Wow. This is so helpful thank you all so much. I will try my partner (no musician but good ears) to find the sweet spot.

If I get an external mic (sounds advisable) is there any that's recommended?

Thank you 💗
 

keith.rogers

Bobby'); DROP TABLE USER
Wow. This is so helpful thank you all so much. I will try my partner (no musician but good ears) to find the sweet spot.

If I get an external mic (sounds advisable) is there any that's recommended?

Thank you 💗
You've already said your vocal part will be loud, so you likely will want the microphone some distance away. Really, almost any good microphone with a cardioid pattern you can put your hands on will probably work. Just position yourself and the microphone so it is aimed at you, and the piano is behind the mic, as much as possible. That way the "bleed" of the piano into the vocal mic will be minimized, and it will give you more flexibility in balancing the piano vis-a-vis the vocal. (Same positioning applies to the Zoom that should priortize picking up mostly piano, in this kind of setup.)

Shure, AKG, Audio-Technica, Sennheiser, on and on. If you have choices, list them and someone might make a call.
 

rob aylestone

Well-known member
I have to disagree. Any really competent daw is tough to learn, and this is why the cut gown versions are a good starter. Cubase is with logic, the daws that rarely cannot do something. I’ve never needed any other product. But, like photoshop, you need to evolve into them and put effort in.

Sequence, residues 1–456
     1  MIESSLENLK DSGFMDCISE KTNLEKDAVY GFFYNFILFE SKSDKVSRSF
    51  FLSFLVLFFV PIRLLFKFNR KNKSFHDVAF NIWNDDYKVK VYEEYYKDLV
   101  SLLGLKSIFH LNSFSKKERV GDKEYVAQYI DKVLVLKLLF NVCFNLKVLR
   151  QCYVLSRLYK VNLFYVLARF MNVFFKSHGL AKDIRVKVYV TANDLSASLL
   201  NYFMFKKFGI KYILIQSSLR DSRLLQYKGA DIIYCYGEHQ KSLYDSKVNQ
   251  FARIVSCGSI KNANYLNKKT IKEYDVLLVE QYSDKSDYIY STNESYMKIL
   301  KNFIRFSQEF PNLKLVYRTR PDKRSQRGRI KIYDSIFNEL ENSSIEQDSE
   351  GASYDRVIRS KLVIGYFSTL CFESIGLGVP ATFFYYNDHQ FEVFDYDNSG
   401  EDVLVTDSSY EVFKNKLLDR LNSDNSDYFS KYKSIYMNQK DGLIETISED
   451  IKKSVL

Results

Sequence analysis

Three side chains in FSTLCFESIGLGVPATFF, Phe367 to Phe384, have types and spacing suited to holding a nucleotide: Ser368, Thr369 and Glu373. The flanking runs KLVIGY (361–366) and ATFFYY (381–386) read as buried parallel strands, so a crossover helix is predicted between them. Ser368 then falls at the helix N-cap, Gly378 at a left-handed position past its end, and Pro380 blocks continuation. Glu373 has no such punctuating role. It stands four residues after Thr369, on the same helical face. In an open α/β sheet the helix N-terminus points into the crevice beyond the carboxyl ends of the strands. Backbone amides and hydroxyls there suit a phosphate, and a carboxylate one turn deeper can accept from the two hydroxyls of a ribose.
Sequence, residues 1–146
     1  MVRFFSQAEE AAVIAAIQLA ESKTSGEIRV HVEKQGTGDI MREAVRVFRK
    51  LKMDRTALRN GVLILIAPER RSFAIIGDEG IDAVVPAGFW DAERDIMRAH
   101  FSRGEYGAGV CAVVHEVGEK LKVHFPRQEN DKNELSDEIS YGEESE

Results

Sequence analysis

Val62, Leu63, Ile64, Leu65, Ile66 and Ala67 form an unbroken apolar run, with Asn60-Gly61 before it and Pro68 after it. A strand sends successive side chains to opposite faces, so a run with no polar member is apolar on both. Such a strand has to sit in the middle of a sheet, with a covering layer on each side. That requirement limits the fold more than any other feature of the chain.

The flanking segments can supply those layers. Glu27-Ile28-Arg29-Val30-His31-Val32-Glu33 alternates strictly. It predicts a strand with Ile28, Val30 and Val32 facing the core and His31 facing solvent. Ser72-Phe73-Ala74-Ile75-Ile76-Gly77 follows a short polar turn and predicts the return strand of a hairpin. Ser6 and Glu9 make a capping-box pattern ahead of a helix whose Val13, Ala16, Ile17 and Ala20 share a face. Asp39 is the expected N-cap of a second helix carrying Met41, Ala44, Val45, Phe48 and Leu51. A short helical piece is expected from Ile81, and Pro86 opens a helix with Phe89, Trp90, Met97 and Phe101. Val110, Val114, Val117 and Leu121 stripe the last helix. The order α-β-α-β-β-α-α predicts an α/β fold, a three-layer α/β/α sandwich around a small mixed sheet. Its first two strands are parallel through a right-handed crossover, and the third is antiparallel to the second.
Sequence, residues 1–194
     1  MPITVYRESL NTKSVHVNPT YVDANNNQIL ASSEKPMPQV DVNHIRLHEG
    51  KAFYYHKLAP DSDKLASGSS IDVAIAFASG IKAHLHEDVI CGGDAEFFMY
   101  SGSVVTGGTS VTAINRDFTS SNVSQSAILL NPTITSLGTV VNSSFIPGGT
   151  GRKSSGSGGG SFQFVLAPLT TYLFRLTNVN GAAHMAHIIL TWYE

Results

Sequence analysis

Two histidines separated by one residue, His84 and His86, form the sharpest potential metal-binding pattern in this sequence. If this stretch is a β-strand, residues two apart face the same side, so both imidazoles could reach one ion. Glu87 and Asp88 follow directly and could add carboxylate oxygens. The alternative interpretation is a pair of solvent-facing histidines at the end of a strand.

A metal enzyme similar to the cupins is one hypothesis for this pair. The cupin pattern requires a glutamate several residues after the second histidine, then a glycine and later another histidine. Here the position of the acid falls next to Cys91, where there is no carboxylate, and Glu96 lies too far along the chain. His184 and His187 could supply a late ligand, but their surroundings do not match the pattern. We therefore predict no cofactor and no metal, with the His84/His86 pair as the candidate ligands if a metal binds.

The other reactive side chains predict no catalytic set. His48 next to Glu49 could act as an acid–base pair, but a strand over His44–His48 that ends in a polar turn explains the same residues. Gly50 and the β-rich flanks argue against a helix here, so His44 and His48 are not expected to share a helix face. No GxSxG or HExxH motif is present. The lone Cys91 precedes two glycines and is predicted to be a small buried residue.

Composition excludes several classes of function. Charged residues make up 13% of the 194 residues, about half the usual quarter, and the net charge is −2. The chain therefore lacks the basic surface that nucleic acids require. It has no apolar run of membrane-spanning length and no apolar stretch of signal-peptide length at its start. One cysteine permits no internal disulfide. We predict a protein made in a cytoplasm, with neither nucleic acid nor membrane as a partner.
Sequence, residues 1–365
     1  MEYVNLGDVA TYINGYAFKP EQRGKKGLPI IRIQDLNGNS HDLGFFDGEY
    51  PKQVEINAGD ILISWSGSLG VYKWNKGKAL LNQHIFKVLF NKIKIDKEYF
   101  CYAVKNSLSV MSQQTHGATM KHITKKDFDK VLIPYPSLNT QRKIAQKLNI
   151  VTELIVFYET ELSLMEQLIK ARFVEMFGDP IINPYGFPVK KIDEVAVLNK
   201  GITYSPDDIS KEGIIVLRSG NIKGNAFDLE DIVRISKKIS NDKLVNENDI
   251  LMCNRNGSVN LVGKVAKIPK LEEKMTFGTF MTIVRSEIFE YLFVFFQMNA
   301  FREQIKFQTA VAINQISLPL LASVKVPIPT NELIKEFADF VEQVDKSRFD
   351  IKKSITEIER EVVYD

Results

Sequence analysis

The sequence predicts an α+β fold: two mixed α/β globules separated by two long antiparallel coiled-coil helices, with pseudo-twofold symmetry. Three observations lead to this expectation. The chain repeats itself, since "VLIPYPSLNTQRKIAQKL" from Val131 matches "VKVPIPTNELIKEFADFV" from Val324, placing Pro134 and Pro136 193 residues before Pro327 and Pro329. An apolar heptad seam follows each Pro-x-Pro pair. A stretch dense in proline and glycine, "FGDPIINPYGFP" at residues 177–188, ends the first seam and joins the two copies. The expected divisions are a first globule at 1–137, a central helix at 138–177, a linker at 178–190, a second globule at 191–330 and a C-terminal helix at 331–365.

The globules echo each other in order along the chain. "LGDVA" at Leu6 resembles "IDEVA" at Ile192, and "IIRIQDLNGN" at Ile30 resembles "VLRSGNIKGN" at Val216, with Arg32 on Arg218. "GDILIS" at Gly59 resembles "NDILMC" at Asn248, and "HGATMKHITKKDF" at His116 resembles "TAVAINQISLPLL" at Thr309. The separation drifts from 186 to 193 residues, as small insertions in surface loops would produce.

I‘d also say that I have never been let down by K&M stands, the European standard, and to be fair, the copies that share the common features. Heavy base and legs. Decent clutch and secure clamps. I frequently but small video cameras on them. I have probably 40? Even the oldest, tattiest ones will happily keep my expensive mics safe. I found putting a zoom on one of my video tripods because I forgot I needed an adaptors embarrassing!
 

ecc83

Well-known member
Hi Rob. The last thing I want to do is sidetrack the OP about DAW choice! However, I (we) have had Cubase LE and Ess 6 and found them more complex to setup (all those 'buses'!) Exporting is not as simple as for instance Samplitude. Sam is not readily available (but you can get the 30 day trial) but Reaper is a close second to my mind.

As you say however no DAW is very intuitive.

Dave.
 

rob aylestone